By SAMANTHA GROSS
Associated Press Writer
January 7, 2007, 10:50 PM EST
NEW YORK — It wasn’t easy to tell what had brought the crowd together _ until the men and women silently hoisted more than 40 bicycles over their heads.
“Whose streets? Our streets!” they yelled.
Cyclists gathered Sunday to honor those who died while riding their bikes in 2006, visiting each of 14 sites where riders are known to have perished.
After finishing the journey in Manhattan next to the Memorial for Unknown Cyclists, speakers from the crowd called for safer streets, harsher penalties for reckless motorists and improved crash reporting by city agencies.
“We need to have safer streets if we are to have a livable city,” said Rachael Myers, a volunteer with the environmental group Time’s Up!, which helped organize the event.
Audrey Anderson, whose 14-year-old son was killed in 2005 in a collision with a vehicle, made an impassioned plea for increased criminal investigations and prosecutions in such crashes.
“There is no such thing as civil justice,” she said. “Money cannot erase the pain and misery you are forced to live with forever.”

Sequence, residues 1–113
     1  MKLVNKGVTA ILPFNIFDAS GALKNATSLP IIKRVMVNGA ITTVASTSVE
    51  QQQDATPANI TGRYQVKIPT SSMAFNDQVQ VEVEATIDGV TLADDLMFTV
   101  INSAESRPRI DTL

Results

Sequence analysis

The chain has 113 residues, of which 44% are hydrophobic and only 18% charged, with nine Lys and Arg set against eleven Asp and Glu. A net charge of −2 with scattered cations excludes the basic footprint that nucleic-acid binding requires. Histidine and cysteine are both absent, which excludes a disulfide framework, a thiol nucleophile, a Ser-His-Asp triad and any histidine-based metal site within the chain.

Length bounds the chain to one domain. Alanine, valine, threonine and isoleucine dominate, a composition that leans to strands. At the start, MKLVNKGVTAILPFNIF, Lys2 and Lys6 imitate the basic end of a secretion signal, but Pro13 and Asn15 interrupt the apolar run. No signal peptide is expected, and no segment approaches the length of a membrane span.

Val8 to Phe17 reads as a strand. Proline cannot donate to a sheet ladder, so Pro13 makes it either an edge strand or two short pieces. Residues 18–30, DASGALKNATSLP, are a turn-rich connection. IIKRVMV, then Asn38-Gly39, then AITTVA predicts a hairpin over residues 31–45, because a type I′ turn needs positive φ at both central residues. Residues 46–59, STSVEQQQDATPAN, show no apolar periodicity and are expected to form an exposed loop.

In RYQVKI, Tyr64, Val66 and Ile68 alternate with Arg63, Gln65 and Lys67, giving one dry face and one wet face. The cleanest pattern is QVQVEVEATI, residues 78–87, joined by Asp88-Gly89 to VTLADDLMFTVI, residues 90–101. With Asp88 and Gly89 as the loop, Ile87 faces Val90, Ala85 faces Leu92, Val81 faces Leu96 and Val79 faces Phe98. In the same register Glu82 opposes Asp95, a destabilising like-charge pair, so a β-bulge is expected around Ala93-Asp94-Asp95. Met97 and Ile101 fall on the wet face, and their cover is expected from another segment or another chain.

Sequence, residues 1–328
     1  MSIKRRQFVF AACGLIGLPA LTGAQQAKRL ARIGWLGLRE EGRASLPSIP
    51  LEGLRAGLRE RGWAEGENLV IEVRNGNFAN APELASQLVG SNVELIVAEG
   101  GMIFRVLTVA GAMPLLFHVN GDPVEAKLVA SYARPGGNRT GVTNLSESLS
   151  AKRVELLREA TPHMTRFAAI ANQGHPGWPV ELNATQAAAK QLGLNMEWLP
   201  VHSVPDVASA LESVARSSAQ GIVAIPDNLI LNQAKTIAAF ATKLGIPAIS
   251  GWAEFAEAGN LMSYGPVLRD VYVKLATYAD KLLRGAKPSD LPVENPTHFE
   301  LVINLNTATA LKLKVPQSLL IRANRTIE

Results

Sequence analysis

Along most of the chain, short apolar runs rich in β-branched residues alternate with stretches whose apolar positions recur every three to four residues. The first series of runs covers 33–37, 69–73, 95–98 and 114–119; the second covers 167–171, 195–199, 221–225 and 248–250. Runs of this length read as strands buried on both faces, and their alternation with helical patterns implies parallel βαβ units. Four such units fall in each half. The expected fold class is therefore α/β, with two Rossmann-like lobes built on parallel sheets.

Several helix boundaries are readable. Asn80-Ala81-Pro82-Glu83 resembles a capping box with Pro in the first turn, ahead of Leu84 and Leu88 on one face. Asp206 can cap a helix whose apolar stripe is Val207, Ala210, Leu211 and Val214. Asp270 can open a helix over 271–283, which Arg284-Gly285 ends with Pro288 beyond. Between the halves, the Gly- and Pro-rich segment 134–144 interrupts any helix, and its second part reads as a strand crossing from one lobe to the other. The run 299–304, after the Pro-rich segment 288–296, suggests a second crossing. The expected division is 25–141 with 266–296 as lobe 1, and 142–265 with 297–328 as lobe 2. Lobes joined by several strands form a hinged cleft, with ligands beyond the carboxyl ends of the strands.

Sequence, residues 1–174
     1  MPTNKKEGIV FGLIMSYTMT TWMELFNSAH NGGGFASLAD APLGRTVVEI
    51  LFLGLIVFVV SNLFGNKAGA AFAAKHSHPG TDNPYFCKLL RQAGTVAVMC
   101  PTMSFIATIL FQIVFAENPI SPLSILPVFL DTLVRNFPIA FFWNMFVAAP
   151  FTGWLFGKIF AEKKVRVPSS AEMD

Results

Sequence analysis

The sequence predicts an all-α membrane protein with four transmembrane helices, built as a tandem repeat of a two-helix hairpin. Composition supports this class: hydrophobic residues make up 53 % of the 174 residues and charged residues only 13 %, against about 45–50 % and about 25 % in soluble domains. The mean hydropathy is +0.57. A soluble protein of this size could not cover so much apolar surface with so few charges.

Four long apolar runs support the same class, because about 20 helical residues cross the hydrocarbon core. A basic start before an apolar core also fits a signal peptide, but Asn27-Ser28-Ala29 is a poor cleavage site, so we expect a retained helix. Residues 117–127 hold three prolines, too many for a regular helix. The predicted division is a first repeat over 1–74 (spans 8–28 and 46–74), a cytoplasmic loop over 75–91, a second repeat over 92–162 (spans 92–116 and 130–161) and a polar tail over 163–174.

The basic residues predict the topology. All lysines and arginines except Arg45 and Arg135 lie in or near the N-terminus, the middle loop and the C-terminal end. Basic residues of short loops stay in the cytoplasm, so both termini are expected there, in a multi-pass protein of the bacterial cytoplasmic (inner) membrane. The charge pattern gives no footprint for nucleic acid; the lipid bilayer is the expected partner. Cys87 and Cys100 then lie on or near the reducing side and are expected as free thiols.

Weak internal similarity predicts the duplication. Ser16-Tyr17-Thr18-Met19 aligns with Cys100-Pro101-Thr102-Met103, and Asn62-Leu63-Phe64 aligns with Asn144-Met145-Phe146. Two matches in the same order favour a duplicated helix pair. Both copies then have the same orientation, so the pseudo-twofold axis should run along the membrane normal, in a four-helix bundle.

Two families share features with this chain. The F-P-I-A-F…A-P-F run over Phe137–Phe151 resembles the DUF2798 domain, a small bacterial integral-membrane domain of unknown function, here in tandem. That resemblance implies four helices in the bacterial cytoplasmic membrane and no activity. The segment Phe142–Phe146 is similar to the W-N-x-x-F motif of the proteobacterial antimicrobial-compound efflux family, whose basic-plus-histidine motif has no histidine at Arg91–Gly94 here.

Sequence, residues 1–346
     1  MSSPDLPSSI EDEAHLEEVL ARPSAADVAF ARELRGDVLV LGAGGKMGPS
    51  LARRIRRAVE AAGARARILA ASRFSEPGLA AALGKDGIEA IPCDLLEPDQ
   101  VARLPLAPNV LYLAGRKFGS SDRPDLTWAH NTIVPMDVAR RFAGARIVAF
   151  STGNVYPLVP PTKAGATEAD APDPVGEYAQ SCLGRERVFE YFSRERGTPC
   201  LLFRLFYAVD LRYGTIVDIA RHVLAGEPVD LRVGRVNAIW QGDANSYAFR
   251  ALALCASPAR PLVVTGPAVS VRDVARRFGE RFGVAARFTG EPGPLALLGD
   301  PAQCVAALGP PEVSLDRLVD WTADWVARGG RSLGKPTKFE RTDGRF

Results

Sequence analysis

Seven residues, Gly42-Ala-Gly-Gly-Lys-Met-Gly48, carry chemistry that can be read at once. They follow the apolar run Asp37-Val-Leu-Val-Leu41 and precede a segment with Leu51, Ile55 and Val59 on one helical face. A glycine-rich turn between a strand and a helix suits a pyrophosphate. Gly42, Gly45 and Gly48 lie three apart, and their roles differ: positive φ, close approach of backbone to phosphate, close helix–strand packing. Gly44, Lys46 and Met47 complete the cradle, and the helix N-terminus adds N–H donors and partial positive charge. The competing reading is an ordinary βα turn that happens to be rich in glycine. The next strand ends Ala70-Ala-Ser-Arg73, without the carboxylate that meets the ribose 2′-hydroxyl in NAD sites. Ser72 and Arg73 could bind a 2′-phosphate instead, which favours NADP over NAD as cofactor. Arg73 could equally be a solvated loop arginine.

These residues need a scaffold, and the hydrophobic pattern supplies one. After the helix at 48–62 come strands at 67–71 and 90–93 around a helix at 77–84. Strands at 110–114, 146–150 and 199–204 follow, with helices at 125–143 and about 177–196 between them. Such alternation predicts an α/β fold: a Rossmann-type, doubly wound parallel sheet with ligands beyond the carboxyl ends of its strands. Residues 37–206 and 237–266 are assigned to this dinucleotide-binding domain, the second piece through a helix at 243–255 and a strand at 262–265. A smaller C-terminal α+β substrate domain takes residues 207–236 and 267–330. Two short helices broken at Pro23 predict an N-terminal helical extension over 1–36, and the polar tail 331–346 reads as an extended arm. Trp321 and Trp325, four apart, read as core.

All crashes resulting in serious injury or death _ whether involving cyclists, pedestrians, or other vehicles _ are thoroughly investigated by a specialized squad, police spokeswoman Detective Theresa Farello said.
Like the sites of last year’s deaths, the memorial was marked with a riderless bike, called a ghost bicycle, which was painted white and decorated with a commemorative plaque. Participants on Sunday wove fresh flowers through the bike’s spokes.
Cycling deaths reported in 2006 dropped by 10 from 24 the year before, but organizers said they were concerned the official tally might not be accurate.
The city’s Department of Transportation said it was the police department’s responsibility to report such traffic accidents. The police department said its statistics on bicycle accidents were up to date and consistent with the number of calls involving injured cyclists to which it responded.
One of the best ways to increase rider safety is simply to get on a bike, said Noah Budnick, deputy director for the advocacy group Transportation Alternatives.
As the number of cyclists on the city’s streets has increased by about 33 percent over the last decade, the number of biking fatalities has dropped by 40 percent, Budnick said following the rally.
“You see the number of people who came out today and the number of people who ride every day in New York,” he said. “You can see that cycling is safe, and it will continue to get safer.”
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